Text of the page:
Iraqis are still waiting for the real golden arches to come to town. The local food delivery app Lezzoo even teased the option to order McDonald's on April Fools' Day.
Nevertheless, citizens have many other options, including Hardees, Papa Johns and Church's Chicken, named Texas Chicken in the Middle East.
When branches do open, they do so with fanfare, and sometimes even with some official US representation present. For instance, in 2022, then US ambassador Matthew Tueller was on hand for the opening of Cold Stone Creamery in Baghdad.
This phenomenon is particularly evident in Iraq's Kurdish region. As you pull out of Erbil International Airport, the autonomous region's capital, the sparkling two-storey Burger King beckons you to its play place and koi pond. A Kentucky Fried Chicken with a drive-through is only a few U-turns away.
Yadgar Mirani, the co-founder and CEO of Lezzoo, is fascinated by how quickly US-style fast food has taken over the market.
"When burger and fried chicken chains landed in Iraq, I never thought they could become the top categories [amid] local foods like shawarma, rice and stews and grilled meat," Mirani told MEE.
Hamburgers and fried chicken are the most popular options across the country, he said, and they have "remained dominant throughout our delivery service".
Iraqis may love "Kentucky" most of all, a colloquial shorthand for fried chicken that applies both to the original recipe and its many imitators.
"Everyone here loves Kentucky," said Amir Mekhael, who represents KFC in Iraq through the Americana Group, a Kuwaiti food company headquartered in Sharjah. "Everyone is coming to the source of the original chicken."
American fast-food chains, however, indulge in product localisation to adapt to local tastes.
The Rizo bowl, one of the most popular items at KFC in Iraq, contains crispy, boneless chicken drenched in sweet and spicy sauce on a bed of saffron-yellow rice.
Although not quite as bold as Pizza Hut's "Chee-Zee Marmite Stuffed Crust" in New Zealand or Taco Bell's "Chocodilla", which replaces cheese with Baby Ruth chocolate, the Rizo bowl is helping KFC become a staple in Iraq.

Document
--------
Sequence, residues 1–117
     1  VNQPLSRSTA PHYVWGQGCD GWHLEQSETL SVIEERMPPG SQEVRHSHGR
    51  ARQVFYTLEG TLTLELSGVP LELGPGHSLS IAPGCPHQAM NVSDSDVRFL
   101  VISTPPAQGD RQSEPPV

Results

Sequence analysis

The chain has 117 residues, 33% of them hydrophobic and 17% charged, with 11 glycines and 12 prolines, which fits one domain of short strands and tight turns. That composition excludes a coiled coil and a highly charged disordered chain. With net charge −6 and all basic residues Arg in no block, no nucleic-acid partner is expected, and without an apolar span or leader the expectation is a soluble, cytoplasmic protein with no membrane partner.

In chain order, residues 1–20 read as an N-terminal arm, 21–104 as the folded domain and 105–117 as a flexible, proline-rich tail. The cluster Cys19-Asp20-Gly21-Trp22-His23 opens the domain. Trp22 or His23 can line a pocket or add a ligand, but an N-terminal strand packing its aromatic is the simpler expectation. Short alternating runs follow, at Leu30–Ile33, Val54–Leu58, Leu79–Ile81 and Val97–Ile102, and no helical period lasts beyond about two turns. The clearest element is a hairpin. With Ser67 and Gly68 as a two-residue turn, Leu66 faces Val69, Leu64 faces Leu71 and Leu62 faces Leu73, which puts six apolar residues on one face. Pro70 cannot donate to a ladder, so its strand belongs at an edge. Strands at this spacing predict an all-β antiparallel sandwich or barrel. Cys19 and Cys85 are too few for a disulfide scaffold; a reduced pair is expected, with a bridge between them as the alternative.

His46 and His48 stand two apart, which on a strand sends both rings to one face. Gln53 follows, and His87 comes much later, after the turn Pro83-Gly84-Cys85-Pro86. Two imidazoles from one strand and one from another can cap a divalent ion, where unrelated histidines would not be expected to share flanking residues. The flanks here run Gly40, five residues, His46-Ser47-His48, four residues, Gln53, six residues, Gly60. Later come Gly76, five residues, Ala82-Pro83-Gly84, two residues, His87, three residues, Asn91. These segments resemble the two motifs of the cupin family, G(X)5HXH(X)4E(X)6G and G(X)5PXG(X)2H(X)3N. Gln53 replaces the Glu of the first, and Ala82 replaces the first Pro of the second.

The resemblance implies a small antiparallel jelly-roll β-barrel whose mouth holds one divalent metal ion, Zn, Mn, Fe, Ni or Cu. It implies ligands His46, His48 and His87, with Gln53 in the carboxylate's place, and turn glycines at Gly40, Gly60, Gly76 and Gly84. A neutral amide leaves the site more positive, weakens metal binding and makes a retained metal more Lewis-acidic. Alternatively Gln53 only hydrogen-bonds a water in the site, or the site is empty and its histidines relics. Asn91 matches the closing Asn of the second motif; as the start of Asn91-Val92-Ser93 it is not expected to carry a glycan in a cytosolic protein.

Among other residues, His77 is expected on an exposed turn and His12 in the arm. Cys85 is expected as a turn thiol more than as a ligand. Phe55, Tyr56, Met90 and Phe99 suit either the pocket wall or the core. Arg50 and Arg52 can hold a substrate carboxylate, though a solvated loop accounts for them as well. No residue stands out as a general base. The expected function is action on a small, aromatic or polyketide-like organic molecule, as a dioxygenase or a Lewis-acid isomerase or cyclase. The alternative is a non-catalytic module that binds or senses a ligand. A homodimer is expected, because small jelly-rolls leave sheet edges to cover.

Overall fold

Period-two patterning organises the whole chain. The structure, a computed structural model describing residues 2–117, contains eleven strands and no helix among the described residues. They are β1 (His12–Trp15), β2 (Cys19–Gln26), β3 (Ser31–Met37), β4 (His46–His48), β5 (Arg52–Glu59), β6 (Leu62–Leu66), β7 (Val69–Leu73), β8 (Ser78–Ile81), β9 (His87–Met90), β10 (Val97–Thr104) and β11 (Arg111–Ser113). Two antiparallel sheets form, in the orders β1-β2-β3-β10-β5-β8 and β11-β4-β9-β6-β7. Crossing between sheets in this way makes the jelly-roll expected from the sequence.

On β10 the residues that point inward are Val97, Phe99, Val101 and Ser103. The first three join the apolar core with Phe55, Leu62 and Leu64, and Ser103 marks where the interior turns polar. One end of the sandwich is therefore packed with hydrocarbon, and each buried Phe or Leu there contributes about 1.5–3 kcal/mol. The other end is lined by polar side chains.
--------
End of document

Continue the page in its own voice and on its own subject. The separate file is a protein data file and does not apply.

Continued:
Drive-throughs, a popular feature of fast-food chains in the US, have also been introduced to Iraq, offering a portal to an American lifestyle obsessed with speed and efficiency.
This might be what attracted Nechirvan Barzani, President of the Kurdistan Region, to the KFC quick-service window one evening. They gel with Iraqi cities becoming less pedestrian friendly and offer anonymity.
"Its very popular, they love the drive-through," Mekhael said.
'Everyone wants a whopper'
The franchises also offer entry-level jobs for thousands in the country. "Everyone wants a whopper!" Zein, who works at a Burger King branch, told me after the mad rush of customers who arrived to break their fast during the holy month of Ramadan.
He has worked there for the past year and has met customers from across the world. He is appreciative and has learned a lot, from leading a team to dealing with people and gaining "experiences in building burgers".
Popular books and documentaries, such as Fast Food Nation and Supersize Me, have meanwhile helped foster a social reckoning with the production and health impacts of fast food in the United States.
Proximity to fast food was found to increase the risk of being overweight or obese, according to a study by New York University School of Medicine.
However, the deep-fried icon of Americana does not appear to have had any cultural reconsideration in Iraq. "I see people who come eat here every day," Zein told me at the end of his shift.
The long-term cost of such sought-after conveniences in Iraq is yet to be understood, but fast food is a harbinger of a broader reckoning with consumer capitalism. US brands have come in and transformed the country since the invasion.
This article is available in French on Middle East Eye French edition.